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Arms Trade Treaty talks get off to a strong (if delayed) start

After several false starts, the Arms Trade Treaty negotiations finally got underway yesterday. The Chair of the conference, Ambassador Moritan, was keen to make up some lost time and kept everyone in the room for an extra hour beyond the normal 6pm finish.

The procedural wrangling and political tensions that have frustrated efforts over the last two days seem to have been fixed by essentially moving every delegate two spaces to the right to allow the room and seating plan to be re-arranged in what could be best described as a grand game of geo-political musical chairs.

Any delay is of course literally a matter of life and death for the thousands of people that are caught up daily in the devastating consequences of the irresponsible arms trade.

The relief in the room to be finally underway (from Government's and NGO's alike) was palpable, indicated by the frequent ripples of applause  -  very rare exuberances in the formal setting of Treaty negotiations.

Starting strong

Today was actually momentous for other reasons though. UN Secretary General Ban Ki Moon addressed the conference with a powerful and motivational speech reminding all delegates of the pressing and urgent need to negotiate a strong treaty to address the terrible human suffering that is facilitated by irresponsible arms sales.

In his words, “The world is over-armed and peace is under-funded”

Read more of Ban Ki Moon’s opening statement

Sending a powerful message

We had our own strong start when we handed in the Control Arms Coalition global petition, with nearly 700,000 signatures from around the world.

After receiving the petition Ban Ki Moon offered some warm words of encouragement:

‘I am convinced that your strong voices will inspire and motivate the delegates as they work to adopt a robust and meaningful treaty by the end of this month’

And he echoed our thanks to all of you when he said:

Your determination has helped us get this far – and your continued pressure and activism will help make a Treaty a reality

Read Ban Ki Moon's full response

Not all delegates at the negotiation share our desire for such a robust Arms Trade Treaty and there might be times during the talks when we need you to keep up the pressure.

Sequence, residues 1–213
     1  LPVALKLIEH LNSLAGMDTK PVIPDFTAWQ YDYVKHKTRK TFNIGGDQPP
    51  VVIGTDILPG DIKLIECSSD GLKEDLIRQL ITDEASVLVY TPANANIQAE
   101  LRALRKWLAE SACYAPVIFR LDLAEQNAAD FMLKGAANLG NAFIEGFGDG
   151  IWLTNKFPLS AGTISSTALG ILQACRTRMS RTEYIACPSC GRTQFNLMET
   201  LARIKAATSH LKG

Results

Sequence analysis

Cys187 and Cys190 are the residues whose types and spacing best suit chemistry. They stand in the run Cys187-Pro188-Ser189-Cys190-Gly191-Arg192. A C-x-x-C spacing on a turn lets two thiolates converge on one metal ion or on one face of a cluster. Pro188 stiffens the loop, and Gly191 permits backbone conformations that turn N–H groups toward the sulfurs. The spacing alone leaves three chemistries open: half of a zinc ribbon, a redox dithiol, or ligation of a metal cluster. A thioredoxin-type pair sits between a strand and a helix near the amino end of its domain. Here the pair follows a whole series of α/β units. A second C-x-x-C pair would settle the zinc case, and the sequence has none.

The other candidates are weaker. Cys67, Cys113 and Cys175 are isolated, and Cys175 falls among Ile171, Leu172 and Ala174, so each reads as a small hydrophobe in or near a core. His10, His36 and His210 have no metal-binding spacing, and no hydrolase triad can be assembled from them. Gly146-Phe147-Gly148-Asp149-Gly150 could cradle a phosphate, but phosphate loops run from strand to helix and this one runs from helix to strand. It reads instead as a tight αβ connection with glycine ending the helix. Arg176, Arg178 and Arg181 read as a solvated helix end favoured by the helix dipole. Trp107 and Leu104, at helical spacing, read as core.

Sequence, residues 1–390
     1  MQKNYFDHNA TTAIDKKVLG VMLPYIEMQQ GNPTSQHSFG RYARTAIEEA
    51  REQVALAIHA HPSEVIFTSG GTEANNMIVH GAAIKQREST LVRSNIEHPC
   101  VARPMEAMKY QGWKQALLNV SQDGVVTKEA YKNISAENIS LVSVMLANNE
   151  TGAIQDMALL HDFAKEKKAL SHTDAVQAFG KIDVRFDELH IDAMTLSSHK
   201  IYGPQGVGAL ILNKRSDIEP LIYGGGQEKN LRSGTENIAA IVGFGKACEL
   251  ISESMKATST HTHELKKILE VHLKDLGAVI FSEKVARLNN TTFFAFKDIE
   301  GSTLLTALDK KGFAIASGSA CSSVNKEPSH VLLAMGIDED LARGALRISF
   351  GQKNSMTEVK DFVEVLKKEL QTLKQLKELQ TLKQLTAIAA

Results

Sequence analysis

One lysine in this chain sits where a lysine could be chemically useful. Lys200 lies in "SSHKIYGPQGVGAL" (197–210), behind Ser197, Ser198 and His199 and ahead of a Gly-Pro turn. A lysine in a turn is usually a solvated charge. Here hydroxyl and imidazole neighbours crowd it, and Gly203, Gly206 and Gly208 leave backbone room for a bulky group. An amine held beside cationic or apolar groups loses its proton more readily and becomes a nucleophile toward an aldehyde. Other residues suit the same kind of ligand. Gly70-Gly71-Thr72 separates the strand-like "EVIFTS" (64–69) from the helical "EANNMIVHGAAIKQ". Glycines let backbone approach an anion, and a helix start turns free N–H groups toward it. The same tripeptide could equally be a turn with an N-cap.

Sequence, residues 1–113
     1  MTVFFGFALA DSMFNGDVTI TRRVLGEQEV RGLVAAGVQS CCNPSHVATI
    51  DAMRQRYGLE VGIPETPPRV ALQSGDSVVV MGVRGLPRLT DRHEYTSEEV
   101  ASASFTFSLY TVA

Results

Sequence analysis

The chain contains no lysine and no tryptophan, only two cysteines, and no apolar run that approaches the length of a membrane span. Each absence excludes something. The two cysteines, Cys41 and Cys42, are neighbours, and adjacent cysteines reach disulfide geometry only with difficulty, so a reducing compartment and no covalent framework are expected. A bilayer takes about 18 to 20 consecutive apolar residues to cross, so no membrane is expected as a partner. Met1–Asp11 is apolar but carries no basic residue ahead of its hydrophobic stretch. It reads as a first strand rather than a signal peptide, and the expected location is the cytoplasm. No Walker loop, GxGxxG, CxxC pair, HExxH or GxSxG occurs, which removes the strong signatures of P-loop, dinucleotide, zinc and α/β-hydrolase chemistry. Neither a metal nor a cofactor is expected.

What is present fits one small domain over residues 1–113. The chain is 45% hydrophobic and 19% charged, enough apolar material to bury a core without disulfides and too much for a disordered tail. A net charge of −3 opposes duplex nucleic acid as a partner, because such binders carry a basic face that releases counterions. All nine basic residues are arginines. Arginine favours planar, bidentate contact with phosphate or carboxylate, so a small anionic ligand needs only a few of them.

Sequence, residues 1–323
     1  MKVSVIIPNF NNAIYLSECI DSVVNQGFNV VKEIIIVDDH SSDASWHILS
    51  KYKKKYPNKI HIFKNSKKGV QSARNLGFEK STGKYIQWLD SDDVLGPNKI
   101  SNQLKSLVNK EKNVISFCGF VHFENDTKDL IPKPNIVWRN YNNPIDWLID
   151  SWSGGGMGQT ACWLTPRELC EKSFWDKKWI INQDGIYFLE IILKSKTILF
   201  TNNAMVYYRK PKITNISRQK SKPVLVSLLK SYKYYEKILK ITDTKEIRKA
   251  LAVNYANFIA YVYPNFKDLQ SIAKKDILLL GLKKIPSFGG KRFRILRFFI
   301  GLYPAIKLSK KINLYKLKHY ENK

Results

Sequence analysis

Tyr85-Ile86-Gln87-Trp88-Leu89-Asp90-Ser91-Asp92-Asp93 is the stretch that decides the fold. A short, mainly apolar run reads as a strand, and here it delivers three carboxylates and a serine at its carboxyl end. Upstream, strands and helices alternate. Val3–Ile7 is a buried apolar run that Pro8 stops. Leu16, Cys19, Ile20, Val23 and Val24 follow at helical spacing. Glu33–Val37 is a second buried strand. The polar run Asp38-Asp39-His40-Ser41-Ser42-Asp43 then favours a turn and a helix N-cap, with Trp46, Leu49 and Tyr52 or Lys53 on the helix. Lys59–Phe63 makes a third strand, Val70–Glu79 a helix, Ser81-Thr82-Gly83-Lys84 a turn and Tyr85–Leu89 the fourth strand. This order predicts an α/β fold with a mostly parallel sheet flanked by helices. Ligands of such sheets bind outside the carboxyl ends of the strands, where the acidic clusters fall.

Like the Control Arms facebook page and help us get this treaty right

And we kept going...

Team Amnesty was also busy with a lunch time event co-hosted by the government of Norway, Uruguay and Australia.

Our Secretary General Salil Shetty was joined byDell Higgie, Ambassador for Disarmament and Permanent Representative of New Zealand to the UN in Geneva and Rt. Brigadier General Mujahid Alam. All spoke about the importance of establishing an strong and effective Arms Trade Treaty that has human rights protection at its centre.

The event was also chaired by H.E. Mr. Martin Vidal, Deputy Permanent Representative Mission of Uruguay to the United Nations.

Salil Shetty spoke about the need for the treaty to have binding human provisions, comprehensive scope of weapons and transactions to be covered as well as the need for effective transparency and implementation mechanisms.

Rt. Brigadier General Mujahid Alam spoke about witnessing and investigating atrocities in Rwanda and the Democratic Republic of Congo.

His direct experiences in the those countries reminded everyone in the room that Governments must take responsibility for ensuring that weapons they trade do not get diverted to illicit markets or end up in the hands of those that use them to commit war crimes and other atrocities.

Dell Higgie spoke of the historic opportunity that these negotiations present and that the Arms Trade Treaty would be unique in its ability to address humanitarian, trade regulation and disarmament issues.

I close with her words -  the Arms Trade Treaty is a “"win-win-win”. Who could disagree with that?

About Amnesty UK Blogs
Our blogs are written by Amnesty International staff, volunteers and other interested individuals, to encourage debate around human rights issues. They do not necessarily represent the views of Amnesty International.
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